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Public Communication of Science and Technology

 

Three principles from the book Communicating Science. A Global Perspective

Toss GascoigneAustralian National University. Australia

Co-authors

  • Margaret KasejeProfessor & Director of Research and Programmes, Tropical Institute of Community Health and Developm   Kenya
  • Joan LeachAustralian National University  
  • Bernard SchieleUQAM   Canada
The book collects accounts of how modern science communication has developed in 39 countries. Eleven rank outside the top hundred in per capita wealth, and five are Muslim-majority countries. Five are from Africa, seven from the Americas, 11 from Asia and the rest from Europe and Australasia.  We have 39 reports from 115 authors.

Three principles emerge from these stories. 

The first is that community knowledge is a powerful force. In rural Kenya, the number of babies delivered by unskilled people led to high mortality. Local science communication practices provided a solution.  A baraza (community discussion) integrated the health problem with social solutions, and trained local motorcycle riders to transport mothers to hospitals. The baraza used role-plays to depict the arrival of a mother to a health facility, reactions from the health providers, eventual safe delivery of the baby, and mother and baby riding back home.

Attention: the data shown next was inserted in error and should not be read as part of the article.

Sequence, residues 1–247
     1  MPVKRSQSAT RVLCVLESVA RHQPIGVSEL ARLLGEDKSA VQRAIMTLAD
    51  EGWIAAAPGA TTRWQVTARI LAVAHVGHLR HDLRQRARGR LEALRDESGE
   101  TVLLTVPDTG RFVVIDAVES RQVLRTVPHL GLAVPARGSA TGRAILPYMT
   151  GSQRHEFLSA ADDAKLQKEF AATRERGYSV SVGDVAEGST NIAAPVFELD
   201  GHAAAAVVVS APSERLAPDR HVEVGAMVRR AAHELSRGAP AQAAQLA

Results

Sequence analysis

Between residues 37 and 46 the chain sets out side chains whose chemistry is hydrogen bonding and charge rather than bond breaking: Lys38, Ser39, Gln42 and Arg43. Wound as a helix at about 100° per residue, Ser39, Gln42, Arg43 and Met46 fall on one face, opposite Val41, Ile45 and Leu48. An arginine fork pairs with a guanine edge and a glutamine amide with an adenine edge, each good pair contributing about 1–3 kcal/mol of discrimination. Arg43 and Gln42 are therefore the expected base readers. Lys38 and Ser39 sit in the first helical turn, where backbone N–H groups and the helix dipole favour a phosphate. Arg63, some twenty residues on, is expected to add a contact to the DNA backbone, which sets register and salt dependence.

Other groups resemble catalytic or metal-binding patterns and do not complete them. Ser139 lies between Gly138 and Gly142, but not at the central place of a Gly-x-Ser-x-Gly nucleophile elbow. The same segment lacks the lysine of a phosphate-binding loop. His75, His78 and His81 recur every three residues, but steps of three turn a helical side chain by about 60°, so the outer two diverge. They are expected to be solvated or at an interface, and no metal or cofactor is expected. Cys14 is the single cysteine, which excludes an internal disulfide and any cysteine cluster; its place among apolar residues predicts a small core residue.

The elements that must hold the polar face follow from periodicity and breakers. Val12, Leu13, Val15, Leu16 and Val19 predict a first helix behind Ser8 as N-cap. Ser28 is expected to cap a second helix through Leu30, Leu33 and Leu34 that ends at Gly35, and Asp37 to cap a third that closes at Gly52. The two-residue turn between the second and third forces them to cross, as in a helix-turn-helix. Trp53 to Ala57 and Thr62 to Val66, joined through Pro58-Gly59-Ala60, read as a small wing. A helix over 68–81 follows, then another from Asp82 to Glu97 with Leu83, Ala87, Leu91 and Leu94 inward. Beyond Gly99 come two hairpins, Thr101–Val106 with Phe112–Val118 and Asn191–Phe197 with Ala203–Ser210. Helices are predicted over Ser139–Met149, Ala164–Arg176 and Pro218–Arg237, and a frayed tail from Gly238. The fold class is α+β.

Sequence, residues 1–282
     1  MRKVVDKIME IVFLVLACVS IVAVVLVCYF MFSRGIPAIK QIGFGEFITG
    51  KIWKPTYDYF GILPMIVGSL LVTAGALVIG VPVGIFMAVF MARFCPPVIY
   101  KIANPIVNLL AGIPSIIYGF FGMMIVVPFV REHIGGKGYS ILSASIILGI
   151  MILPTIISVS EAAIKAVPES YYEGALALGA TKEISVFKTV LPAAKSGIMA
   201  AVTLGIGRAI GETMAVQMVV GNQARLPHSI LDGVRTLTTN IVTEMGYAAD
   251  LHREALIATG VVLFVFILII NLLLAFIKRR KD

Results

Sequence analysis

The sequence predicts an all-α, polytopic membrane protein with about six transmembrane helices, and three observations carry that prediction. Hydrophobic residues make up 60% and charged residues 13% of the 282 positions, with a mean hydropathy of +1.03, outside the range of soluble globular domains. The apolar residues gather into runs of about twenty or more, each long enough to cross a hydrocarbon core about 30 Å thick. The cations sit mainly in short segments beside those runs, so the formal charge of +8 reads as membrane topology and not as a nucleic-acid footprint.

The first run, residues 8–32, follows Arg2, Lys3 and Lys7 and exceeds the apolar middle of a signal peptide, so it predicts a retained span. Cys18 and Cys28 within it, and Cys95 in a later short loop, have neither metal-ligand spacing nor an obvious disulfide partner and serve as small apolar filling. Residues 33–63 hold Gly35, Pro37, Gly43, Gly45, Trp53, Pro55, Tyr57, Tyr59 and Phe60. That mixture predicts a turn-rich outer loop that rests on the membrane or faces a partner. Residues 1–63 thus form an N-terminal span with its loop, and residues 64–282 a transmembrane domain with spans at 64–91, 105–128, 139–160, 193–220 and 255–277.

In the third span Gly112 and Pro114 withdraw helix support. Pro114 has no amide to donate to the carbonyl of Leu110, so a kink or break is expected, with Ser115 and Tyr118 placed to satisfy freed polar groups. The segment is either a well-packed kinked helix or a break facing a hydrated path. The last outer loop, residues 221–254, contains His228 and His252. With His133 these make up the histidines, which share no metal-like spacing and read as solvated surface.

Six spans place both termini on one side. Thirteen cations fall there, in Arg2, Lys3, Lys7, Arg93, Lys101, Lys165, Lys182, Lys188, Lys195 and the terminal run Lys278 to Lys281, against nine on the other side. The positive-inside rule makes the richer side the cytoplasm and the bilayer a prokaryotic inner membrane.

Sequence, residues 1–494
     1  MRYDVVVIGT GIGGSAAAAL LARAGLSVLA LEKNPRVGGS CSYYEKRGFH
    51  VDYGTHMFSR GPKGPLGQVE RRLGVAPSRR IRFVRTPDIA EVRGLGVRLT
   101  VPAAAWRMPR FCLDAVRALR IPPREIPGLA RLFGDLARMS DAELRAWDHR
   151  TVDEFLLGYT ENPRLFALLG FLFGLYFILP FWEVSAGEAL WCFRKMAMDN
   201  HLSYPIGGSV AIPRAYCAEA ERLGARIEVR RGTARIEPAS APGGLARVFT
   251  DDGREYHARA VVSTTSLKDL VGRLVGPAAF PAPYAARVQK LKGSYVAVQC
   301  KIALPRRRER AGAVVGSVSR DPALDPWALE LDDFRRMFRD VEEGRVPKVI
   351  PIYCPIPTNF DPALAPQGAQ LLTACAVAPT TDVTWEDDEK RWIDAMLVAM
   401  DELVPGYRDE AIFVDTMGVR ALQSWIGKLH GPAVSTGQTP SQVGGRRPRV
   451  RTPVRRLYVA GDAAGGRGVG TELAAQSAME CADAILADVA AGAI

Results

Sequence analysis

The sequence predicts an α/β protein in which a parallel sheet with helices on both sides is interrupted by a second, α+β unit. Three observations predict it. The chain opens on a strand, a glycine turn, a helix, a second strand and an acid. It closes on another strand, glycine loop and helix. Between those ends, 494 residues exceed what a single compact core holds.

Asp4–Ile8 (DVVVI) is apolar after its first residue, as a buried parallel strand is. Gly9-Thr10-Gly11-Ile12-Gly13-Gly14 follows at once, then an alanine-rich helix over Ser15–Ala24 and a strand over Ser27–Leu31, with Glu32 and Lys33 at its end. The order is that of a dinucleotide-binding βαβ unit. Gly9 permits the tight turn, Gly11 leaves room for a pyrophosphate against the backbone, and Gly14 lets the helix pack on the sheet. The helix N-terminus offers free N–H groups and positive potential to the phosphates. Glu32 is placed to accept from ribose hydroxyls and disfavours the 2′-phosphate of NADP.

A second principle is how science communication can enhance the integration of science with other beliefs. Science and religion, for example, are not always at odds. The Malaysian chapter describes how Muslim concepts of halal (permitted) and haram (forbidden) determine the acceptability of biotechnology according to the principles of Islamic law. Does science pose any threat to the five purposes of maslahah (public interest): religion, life and health, progeny, intellect and property? 

The third is an approach to pursuing and debating science for the public good. Science communication has made science more accessible, and public opinions and responses more likely to be sought. The “third mission”, an established principle across Europe, is an expectation that researchers will contribute to the growth, welfare and development of society. 

Discussants: Toss Gascoigne (editor), Bernard Schiele (analyst), Margaret Kaseje (author) and Joan Leach (Editorial Board).  

Chair Michelle Riedlinger (Editorial Board and chapter author).

The author has not yet submitted a copy of the full paper.

Category: Roundtable discussion
Theme: Transformation

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